Students want ‘terrifying’ Yik Yak app banned from campus

Anthony Gockowski
Contributing Editor/Investigative Reporter

  • Students at UR are protesting after their school's president vetoed a resolution that would ban Yik Yak from university servers.
  • Protesters are assembling on the University of Rochester (UR) campus after President Joel Seligman vetoed a resolution Wednesday that would ban students from using Yik Yak on university servers.

    During the spring semester of 2015, numerous racially charged comments were posted on the anonymous social networking application, including at least two comments attacking the school’s Douglass Leadership House.

    “We pay a lot of money for our experience here and this experience has been nothing but terrifying.”   

    Anonymous Yik Yak users threatened to burn students living in the Douglass House and even suggested raping another.

    “So damn entitled it makes me wanna stab them all asap,” one commenter wrote.

    UR officials immediately asked Yik Yak to turn over the names and email addresses of the anonymous users but no suspects were identified. The situation was left unresolved until November when students from the Douglass House protested outside the president’s office and presented a list of demands, including the establishment of a $30,000 diversity programming fund and an immediate ban on Yik Yak from all campus servers.

    A few days later, Seligman issued a four-page response to the list of demands and promised “to address the broader questions of how [he] best can create an environment that is safe, supportive and welcoming for all.” Seligman then established a Commission on Race and Diversity (CRD) to work with Yik Yak on an investigation. The CRD recently voted to block students from accessing Yik Yak with a vote of 14 to 2.

    Seligman, however, disagreed with the vote and said a ban on Yik Yak would violate academic freedom.

    “Banning Yik Yak is not merely a symbolic act,” he said. “Academic freedom is also a core value of our university. If I were to ban Yik Yak from using the University’s wi-fi networks, I would begin a new and unbounded process by which my defense of the free expression rights of our faculty members, the student newspaper, speaker selection, faculty hiring would be undercut.”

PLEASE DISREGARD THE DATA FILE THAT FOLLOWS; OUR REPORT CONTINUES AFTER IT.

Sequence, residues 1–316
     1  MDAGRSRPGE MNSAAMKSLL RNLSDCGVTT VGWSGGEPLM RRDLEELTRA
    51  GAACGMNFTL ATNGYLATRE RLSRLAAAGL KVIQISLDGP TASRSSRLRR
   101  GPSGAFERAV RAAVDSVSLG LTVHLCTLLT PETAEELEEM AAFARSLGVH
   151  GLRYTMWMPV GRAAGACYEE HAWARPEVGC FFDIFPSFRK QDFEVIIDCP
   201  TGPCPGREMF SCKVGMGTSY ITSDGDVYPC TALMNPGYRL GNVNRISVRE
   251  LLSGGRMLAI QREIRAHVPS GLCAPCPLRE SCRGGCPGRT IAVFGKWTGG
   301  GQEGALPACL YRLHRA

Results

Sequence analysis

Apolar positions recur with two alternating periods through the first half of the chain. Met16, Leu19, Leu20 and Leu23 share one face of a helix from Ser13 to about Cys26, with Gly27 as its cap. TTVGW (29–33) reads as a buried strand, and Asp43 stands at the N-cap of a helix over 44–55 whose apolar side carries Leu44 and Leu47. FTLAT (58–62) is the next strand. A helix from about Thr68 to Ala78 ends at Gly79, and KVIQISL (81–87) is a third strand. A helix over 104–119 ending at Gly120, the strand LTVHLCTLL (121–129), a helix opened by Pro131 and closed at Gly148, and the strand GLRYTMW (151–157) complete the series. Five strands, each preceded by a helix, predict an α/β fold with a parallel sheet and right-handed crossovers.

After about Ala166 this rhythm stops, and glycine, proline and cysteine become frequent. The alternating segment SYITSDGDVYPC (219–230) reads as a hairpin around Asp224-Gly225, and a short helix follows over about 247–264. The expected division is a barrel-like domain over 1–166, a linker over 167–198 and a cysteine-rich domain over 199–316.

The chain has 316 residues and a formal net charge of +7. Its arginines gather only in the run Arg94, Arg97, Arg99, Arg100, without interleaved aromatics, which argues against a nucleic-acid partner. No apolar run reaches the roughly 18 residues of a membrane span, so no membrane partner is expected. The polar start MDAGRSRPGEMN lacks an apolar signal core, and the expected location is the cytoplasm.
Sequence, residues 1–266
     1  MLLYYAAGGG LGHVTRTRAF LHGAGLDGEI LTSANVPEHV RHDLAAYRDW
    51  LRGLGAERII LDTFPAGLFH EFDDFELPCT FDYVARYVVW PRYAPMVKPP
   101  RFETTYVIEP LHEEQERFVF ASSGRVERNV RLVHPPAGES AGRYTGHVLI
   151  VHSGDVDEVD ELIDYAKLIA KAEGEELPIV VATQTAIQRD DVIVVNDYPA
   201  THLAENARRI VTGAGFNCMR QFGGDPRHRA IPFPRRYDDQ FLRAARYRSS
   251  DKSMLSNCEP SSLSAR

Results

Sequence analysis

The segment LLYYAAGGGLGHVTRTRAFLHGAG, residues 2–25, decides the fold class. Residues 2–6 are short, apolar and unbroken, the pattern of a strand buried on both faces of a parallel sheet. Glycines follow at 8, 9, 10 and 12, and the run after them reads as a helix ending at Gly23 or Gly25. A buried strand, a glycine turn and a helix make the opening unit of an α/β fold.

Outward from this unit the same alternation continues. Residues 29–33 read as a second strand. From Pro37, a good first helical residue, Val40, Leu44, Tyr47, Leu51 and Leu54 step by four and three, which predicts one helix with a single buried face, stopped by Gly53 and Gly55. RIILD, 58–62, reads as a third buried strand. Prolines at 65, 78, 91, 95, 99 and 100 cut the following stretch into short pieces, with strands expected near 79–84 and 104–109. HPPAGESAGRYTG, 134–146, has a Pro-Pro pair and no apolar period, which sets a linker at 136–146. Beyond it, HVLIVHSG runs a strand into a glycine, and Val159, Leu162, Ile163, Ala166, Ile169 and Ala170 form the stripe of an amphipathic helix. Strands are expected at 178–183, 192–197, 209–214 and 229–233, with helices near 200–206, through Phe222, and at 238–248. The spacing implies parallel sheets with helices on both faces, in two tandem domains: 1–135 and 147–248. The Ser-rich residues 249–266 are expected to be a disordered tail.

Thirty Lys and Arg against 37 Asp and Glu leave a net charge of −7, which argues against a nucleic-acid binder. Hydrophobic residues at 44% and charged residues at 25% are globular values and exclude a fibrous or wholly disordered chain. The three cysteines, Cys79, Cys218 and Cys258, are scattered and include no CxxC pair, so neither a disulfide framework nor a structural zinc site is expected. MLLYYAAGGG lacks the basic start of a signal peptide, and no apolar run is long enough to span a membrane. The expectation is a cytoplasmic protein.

Students disagreed with Seligman’s decision and organized a second protest on Thursday.

    “Yik Yak is not the be-all-end-all,” student Farid Adenuga said during the protest. “We want to change the culture here at this campus. We do understand that Yik Yak is the first step of the whole process.”

    Seligman, on the other hand, said a ban would be ineffectual since most students would be able to access the application on their cell phones.

    “I know some students have been disappointed in my unwillingness to impose this ban and you will note no one will cut off their right to be heard and communicate. But to ban Yik Yak would in fact cut off hundreds if not thousands of individuals in our community who use it who are not racist; who do not engage in hate speech, who threaten no one,” Seligman said.

    Protesters, however, continued to argue that a ban on Yik Yak is a necessary step to ensure minority students feel safe on campus.

    “We pay a lot of money for our experience here and this experience has been nothing but terrifying,” Adenuga said.

    Follow the author of this article on Twitter: @AGockowski





    Anthony Gockowski

    Anthony Gockowski

    Contributing Editor/Investigative Reporter

    Anthony Gockowski is the Contributing Editor and an Investigative Reporter for Campus Reform. He previously worked for The Daily Caller, Intercollegiate Review, The Catholic Spirit, and The College Fix.

    More By Anthony Gockowski

    Latest 20 Articles